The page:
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The First Woman on the Stock Exchange

On this date in 1967, Muriel Siebert, age 35, became the first woman member of the New York Stock Exchange (alongside 1,365 men), after campaigning for months to overcome sexist obstructions. In 1975, Siebert & Company became the nation’s first discount brokerage house, democratizing Wall Street investing by greatly lowering the fees involved. Today, more […]

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April 20: The Best Little Boy in the World

Andrew Tobias, treasurer of the Democratic National Committee since 1999 and author of the pseudonymous 1973 book about coming out as a gay person, The Best Little Boy in the World, was born in New York on this date in 1947. A graduate of Harvard Business School, he began writing best-selling books about finance and […]

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October 24: Hyman Minsky and Financial Stability

Economist Hyman Minsky, who analyzed the links between financial instability and speculative bubbles and presciently opposed government deregulation of financial markets, died at 77 on this date in 1996. Minsky was born in Chicago and studied at the University of Chicago and at Harvard. From 1957 to 1965 he was an associate professor of economics […]

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September 15: Lehman Brothers

Lehman Brothers, with $639 billion in assets, filed for bankruptcy on this date in 2008. It was the largest bankruptcy in global history and set in motion the banking and financial crisis that has brought global capitalism to a near-standstill and damaged the wealth and well-being of millions of working people. The company was founded […]

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June 18: Sylvia Porter

Sylvia Porter (Feldman), who began studying economics after the 1929 stock market crash and ended up with tens of millions of readers of her books and newspaper columns, was born on Long Island on this date in 1913. Porter wrote for the New York Post in its liberal heyday for more than 43 years (although […]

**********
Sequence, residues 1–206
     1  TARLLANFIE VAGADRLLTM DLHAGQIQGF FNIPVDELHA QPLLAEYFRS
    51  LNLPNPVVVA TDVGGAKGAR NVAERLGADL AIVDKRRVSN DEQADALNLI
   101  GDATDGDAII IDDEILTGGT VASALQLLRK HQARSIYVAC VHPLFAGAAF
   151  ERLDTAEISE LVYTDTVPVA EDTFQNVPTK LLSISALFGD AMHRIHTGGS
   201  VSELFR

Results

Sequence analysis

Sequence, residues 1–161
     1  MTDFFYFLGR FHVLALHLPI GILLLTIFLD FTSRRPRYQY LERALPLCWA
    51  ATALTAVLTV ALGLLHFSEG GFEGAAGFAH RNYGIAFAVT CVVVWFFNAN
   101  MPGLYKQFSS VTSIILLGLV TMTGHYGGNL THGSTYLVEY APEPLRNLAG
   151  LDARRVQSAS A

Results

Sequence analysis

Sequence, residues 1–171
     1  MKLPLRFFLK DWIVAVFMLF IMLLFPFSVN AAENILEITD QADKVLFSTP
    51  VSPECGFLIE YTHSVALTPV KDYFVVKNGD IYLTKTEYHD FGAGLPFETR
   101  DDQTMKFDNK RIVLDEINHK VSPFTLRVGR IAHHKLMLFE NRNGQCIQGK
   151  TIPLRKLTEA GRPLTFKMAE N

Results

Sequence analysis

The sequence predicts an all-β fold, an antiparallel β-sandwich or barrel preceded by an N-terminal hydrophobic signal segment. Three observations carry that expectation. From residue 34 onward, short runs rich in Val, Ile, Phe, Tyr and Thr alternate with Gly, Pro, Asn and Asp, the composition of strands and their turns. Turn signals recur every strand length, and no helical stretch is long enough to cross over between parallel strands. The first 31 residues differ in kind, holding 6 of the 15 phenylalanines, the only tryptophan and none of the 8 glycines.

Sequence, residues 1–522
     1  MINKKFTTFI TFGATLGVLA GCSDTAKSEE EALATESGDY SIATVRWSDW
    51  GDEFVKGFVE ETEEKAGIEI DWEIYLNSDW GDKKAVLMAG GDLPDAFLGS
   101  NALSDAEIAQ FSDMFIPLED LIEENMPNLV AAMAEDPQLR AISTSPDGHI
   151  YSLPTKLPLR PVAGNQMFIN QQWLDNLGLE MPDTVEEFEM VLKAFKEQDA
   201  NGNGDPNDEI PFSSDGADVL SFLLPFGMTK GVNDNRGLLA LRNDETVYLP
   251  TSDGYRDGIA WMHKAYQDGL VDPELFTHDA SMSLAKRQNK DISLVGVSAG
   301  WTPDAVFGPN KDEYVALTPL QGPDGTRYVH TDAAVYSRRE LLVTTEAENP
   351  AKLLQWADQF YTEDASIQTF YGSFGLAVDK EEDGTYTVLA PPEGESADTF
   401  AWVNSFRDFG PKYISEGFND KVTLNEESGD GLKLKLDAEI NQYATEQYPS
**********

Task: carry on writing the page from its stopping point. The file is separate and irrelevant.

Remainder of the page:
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February 23: Founding the House of Rothschild

Mayer Amschel Rothschild (Bauer), whom Forbes magazine has called “a founding father of international finance,” was born in the Jewish ghetto of Frankfurt, Germany on this date in 1744. His father had a business trading goods and currency; the family home, above his shop “at the sign of the red shield” (zum roten Schild, from […]

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December 9: From Peddler to Investment Pirate

Marcus Goldman, who worked as a peddler with a horse-drawn cart upon arriving in America and went on to found Goldman Sachs, was born in Germany on this date in 1821. He created an eponymous financial firm in 1869 and took in his son-law, Samuel Sachs, in 1882. Goldman Sachs pioneered the use of commercial […]

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May 17: The Buttonwood Agreement

Five Jews were among the 24 stockbrokers and merchants who signed the Buttonwood Agreement on this date in 1792 under a large Buttonwood (Sycamore) tree at 68 Wall Street. The agreement established what would become the New York Stock Exchange (which was formally chartered in 1817). Under the terms of the Buttonwood Agreement, members agreed […]

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December 28: Muriel Siebert

On this date in 1967, Muriel  Siebert, age 35, became the first woman member of the New York Stock Exchange (alongside 1,365 men), after campaigning for months to overcome sexist obstructions. In 1975, Siebert & Company became the nation’s first discount brokerage house, democratizing Wall Street investing by greatly lowering the fees involved. Today, more […]

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